RURA raises the bar for public transport operators

Passengers board a bus at Nyabugogo Taxi Park in Kigali. Photo: Emmanuel Kwizera.

Public transport companies may be required to flex their financial and operational muscles if they are to win tenders to operate under new public transport dispensation.

The new transport system, known as Public Transport Generation 2, starts in 2020 and runs up to 2025.


Without divulging details, Eng. Emmanuel Asaba Katabarwa, the Head of Transport Department at RURA, the regulator, said that operators will be required to make significant investments, mainly in acquiring buses.


“What we require from them is to give us a number of vehicles. We have shown them the zones and the requirements for each zone and what type of vehicles we need,” Katabarwa explained.


“Secondly, they have to show us what staff they have, for example, their experience, trustworthiness, capacity to lead, and experience in Rwanda’s public transport. The companies also have to show us that they have financial systems to do accounting and good management of operations.”

The new system will feature advanced route planning, better vehicle mix, and more strict schedules of service among the reforms.

It will see the use of intelligent service monitoring systems (particularly GPS) to track vehicle activity and performance, among other robust changes like the introduction of Dedicated Bus Lanes – which means dedicating a lane for only public transport vehicles.

According to RURA, the new rules will also see the commercial speed of public transport vans increase in order to make it faster and convenient.

The changes will mean better services, but also it will require more robust efforts from transport operators in order to meet the requirements, the regulator says.

And with this, the new contracts for operators will come at a higher price in the form of investment to buy more buses, hire more personnel, as well as a good financial backing.

Katabarwa said that under the new system, operators for busy routes will be required to have a bus on the waiting station every five minutes (or even less time in very busy areas), as well as respecting the operation time schedules, among others.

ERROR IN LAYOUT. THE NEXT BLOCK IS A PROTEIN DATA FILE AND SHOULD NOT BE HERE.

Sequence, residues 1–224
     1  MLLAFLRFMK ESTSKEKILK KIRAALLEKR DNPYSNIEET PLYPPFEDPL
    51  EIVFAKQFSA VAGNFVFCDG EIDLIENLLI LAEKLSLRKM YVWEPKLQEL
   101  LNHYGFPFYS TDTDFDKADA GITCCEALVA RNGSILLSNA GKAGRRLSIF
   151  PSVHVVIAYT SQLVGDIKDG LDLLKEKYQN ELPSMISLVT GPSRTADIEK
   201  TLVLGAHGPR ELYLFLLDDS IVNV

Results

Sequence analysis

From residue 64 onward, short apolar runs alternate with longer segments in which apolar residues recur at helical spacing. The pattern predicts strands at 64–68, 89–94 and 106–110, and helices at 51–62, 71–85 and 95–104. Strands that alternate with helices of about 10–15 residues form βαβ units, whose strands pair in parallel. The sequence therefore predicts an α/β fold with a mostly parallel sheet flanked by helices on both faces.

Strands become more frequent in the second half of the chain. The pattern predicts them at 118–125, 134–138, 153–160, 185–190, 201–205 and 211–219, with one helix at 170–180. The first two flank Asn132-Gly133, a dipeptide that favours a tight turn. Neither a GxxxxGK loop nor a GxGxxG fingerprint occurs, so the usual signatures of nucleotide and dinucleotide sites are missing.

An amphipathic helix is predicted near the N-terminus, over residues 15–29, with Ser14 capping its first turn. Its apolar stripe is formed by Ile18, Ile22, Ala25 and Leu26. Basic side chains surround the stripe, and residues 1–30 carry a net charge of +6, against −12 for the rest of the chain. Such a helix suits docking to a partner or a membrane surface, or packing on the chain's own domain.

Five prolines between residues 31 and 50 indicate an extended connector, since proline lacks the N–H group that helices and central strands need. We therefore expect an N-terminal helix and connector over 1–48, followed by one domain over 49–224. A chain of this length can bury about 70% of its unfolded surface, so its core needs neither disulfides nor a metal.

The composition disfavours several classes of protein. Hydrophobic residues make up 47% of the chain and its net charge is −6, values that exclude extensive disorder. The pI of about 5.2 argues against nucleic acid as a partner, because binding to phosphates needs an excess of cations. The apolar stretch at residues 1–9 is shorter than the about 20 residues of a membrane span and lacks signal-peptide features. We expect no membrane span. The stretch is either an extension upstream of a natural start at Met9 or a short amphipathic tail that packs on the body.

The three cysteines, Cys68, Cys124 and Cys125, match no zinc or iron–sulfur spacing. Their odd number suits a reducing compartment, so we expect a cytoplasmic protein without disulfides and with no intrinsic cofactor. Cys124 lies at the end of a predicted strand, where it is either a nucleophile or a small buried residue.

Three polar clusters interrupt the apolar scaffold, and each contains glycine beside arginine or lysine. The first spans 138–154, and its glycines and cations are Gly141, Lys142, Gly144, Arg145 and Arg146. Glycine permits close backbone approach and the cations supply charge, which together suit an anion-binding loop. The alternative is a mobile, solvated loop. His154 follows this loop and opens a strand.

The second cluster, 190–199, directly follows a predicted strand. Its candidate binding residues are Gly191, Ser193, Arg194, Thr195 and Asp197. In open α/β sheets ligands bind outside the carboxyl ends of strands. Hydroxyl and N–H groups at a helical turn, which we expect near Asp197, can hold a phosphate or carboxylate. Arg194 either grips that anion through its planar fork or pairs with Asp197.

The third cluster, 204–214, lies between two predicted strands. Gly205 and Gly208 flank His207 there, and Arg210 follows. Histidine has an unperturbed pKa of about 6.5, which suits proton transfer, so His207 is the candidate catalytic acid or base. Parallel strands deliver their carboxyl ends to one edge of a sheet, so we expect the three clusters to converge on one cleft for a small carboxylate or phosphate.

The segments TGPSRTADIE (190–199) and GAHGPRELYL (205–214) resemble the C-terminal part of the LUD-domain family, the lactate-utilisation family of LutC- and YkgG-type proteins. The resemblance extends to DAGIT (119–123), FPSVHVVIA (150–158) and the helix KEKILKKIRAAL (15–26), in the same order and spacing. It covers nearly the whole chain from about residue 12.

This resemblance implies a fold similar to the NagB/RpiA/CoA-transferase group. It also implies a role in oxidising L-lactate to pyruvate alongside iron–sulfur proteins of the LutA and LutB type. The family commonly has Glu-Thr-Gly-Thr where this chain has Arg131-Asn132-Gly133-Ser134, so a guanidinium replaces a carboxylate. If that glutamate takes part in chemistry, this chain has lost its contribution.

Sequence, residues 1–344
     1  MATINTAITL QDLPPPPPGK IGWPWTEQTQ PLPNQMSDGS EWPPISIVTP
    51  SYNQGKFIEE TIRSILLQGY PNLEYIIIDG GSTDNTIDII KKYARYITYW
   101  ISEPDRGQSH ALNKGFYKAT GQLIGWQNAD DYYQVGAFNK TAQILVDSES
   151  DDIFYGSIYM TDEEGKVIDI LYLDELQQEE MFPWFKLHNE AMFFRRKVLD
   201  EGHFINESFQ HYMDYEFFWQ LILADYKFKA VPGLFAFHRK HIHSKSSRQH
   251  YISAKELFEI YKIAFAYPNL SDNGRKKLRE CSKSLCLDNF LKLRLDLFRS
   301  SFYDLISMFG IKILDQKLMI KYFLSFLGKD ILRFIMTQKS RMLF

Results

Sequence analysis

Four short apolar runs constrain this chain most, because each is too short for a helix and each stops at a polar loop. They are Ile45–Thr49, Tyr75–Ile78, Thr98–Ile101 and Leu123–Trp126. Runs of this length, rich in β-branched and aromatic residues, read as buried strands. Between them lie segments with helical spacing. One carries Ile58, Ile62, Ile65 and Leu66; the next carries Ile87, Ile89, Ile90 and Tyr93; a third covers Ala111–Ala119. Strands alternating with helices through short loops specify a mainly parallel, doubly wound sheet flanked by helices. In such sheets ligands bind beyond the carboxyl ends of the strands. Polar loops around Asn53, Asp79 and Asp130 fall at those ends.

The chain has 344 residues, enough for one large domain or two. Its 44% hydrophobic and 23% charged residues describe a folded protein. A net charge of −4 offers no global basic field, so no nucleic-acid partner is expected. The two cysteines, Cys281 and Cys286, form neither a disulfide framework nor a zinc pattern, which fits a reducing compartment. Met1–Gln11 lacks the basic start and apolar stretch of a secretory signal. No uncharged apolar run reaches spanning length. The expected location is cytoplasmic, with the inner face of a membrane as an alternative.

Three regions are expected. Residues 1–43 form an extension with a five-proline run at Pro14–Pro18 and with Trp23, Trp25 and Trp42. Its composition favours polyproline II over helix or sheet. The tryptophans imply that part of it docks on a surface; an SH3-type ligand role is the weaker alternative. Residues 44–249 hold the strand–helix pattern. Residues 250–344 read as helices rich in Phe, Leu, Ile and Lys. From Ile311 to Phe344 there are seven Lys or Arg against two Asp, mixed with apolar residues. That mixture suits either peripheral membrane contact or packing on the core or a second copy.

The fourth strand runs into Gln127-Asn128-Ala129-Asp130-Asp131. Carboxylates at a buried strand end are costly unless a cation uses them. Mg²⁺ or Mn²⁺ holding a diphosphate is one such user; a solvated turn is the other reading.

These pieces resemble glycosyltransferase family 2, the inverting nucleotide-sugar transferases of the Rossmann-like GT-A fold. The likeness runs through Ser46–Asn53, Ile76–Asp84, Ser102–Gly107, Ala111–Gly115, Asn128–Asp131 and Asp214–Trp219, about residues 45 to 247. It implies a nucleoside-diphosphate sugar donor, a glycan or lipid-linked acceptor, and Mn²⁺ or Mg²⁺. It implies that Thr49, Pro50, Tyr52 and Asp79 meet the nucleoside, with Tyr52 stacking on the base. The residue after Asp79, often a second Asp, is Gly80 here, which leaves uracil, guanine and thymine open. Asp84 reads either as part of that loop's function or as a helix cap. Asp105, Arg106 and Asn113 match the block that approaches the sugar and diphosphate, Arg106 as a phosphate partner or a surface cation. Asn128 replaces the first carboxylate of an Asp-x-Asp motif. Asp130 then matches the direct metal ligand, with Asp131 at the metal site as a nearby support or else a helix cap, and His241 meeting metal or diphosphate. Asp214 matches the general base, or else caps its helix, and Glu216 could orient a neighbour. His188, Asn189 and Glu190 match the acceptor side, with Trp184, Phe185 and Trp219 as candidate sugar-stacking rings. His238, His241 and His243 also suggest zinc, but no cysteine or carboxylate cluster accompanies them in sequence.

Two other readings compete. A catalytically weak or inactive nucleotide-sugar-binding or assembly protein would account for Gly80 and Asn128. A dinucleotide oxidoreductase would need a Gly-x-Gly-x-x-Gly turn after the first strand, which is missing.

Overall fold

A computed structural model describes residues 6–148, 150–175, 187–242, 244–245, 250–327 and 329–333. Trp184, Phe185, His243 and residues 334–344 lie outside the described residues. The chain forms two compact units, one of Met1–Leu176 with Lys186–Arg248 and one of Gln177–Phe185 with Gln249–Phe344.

On October 16, RURA issued a request for proposals to bus operators, asking them to showcase what they can offer as far as the new system is concerned, and this will determine who will win the tenders going into 2020.

The operators have until mid-December to write to RURA making their offer.

According to Katabarwa, RURA will analyse the proposals from mid-December to the end of January 2020, before announcing the winners to operate the four public transport zones in the city.

Emmanuel Habanabakize, the Managing Director of Kigali Bus Service, said that the requirements are many for them, “but there is more gain when you look at the big picture.”

“Yes, there is what we are required to fulfil, but there are also things that they (RURA) are going to do. For example, dedicating a lane for public transport is going to help passengers,” he told The New Times.

Bishop Kihangire, the Executive Secretary of the Rwanda Federation of Transport Cooperatives (RFTC), said: “There are many requirements, some are technical, others are financial, but what we want is to see that they are in line with the fact that operators need to make profits. The money we use is from banks,” he said.

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